"Shrod on dane" is approximately how you say it.  What a shrod is, or why you'd put one on a Dane, is beyond me.  Maybe it has something to do with a shillelagh.  At this point, I think Paul decided we were beyond help and did not attempt to disabuse us of our crazy notions.

 

Ok, so about half way through.

 

That's good, 'cause my feets were starting to hurt.  Lovely warm boots from Vienna, but not so much in the padding department.  It also started raining quite heavily at that point.  Just enough time for a quick peek into Elizabeth Fort, where there is now a Garda station and a few cannons, then nip off to a pub to get warm!

 

Paul checks to see if there is anyone within easy cannonball range.

 

We stopped into a pub named, "The Brown Derby" (wasn't there an I Love Lucy episode about eating at a famous Hollywood restaurant with the same name?), to warm up and wait out the rain.  Dario and Paul were thinking about a pint, but I wanted a hot whiskey.  Paul's eyes lit up and he asked if I'd ever had a hot port.  Ooo, no, I hadn't, but it sounded delish — and it was!  A measure of port mixed with hot water, and clove-pierced lemon wedge dunked into the mix.  Heaven on a cold, Irish day.  Gosh, I could use one now!

 

Abby…  Abby someone.  Abby NORMAL!

 

When the weather cleared, we set off again.  First stop was the Red Abbey.  There's not much left of it, but the pigeons sure find it handy.  Just around the corner we found the other end of St. Finn Barre's.  I guess it was easy to lose track of your church parts back in those days.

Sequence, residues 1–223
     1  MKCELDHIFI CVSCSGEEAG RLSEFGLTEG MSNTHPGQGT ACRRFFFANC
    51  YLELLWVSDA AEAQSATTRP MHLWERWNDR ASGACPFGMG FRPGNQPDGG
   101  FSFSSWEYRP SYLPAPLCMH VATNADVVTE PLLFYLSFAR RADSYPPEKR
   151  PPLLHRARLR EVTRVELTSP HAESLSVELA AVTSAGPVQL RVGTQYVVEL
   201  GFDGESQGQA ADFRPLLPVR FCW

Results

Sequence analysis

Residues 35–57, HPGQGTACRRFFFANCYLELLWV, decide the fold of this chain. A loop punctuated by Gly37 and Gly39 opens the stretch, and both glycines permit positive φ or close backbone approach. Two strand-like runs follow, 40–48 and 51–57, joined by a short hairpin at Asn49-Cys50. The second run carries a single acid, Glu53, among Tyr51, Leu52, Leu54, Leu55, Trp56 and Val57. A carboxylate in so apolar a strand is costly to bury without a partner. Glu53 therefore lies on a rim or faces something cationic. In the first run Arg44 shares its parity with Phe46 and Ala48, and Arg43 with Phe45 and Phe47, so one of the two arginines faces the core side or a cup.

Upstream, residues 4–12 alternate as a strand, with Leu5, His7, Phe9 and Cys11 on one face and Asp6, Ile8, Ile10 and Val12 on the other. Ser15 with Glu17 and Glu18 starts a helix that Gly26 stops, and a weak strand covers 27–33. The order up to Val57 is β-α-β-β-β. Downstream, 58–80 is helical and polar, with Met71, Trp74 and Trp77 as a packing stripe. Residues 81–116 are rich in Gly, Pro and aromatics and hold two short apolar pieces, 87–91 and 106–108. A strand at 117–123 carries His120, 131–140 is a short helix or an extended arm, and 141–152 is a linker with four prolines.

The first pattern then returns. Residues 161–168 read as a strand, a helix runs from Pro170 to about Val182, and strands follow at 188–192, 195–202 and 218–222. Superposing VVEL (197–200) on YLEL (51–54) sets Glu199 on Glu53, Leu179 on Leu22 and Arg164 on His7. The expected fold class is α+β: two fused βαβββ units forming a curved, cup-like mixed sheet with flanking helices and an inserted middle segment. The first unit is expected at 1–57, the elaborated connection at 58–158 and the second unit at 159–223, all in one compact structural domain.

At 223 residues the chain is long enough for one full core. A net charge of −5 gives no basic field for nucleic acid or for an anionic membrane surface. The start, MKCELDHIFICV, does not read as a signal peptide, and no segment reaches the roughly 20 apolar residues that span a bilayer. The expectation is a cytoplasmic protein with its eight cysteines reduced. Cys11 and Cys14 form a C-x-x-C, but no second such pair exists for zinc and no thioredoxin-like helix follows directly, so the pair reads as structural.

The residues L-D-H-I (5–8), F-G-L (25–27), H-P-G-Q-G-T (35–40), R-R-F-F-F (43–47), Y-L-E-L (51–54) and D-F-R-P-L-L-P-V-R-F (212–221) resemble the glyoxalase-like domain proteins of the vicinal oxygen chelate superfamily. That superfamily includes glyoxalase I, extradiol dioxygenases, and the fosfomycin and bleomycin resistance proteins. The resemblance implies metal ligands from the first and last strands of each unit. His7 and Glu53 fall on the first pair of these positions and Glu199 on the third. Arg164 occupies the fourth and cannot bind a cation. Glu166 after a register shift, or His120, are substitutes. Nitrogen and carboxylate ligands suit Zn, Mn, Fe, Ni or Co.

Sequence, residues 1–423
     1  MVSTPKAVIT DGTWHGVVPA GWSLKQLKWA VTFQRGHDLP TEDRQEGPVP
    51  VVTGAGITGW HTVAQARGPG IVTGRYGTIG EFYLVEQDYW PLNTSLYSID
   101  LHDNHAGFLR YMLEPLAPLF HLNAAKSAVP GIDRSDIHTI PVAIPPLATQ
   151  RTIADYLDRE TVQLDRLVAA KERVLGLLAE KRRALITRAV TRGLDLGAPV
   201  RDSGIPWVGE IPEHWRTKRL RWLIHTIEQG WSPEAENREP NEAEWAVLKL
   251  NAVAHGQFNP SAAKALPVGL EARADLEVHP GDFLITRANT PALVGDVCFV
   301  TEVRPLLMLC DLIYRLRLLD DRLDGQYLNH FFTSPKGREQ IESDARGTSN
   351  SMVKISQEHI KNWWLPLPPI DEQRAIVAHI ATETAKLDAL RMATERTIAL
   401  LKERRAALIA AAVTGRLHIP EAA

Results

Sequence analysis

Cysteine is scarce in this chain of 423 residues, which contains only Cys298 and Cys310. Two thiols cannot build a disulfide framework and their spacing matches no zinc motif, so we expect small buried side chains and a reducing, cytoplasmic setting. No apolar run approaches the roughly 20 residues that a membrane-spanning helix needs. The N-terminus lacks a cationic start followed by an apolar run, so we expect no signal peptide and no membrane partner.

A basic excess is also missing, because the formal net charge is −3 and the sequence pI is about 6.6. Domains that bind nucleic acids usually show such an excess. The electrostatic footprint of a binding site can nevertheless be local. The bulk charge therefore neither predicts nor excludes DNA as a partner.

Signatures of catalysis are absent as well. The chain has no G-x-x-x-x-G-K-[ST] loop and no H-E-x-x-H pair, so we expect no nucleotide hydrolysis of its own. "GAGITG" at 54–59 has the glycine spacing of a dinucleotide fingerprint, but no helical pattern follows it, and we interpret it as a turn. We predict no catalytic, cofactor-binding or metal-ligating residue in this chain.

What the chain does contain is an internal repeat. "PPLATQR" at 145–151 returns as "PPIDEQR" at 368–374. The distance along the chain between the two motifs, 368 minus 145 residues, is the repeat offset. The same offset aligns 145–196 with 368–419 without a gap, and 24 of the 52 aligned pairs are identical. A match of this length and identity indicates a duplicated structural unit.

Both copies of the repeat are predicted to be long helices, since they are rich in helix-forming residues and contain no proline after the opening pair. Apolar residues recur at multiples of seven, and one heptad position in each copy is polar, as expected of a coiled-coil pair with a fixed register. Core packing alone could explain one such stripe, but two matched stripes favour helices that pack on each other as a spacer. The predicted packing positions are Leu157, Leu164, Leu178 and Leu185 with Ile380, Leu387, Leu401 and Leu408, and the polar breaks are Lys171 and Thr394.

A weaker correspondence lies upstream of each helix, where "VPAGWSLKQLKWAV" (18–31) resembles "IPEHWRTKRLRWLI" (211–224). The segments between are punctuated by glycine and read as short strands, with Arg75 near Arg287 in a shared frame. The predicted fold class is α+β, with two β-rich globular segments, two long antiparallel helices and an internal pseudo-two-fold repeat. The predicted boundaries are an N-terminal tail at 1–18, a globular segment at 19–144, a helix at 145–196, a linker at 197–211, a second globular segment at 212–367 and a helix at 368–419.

Well, if it isn't the oldest Catholic church in the city!

 

We stopped in briefly at the South Chapel (aka, St. Finbarr's South – note the variable spelling), which houses a sculpture by John Hogan, "one of Ireland's greatest sculptors."  He created 3 versions of The Dead Christ.  The first one is in Dublin, the second here in Cork, and the third is in Newfoundland.  Also really cool for a newly hatched history fan (namely, me) is noting that Daniel O'Connell, leader of the Catholic emancipation movement, held two huge meetings here.  He also held "Monster Meetings" (just like monster truck rallies, but with horses and carts) in other parts of the country.  Dedicated to peaceful means of change, he was said to be tremendously charismatic.  Pretty cool to be standing in a place visited by such an important historical personage.

 

The Dead Christ (aka, The Redeemer in Death), v. 2.0.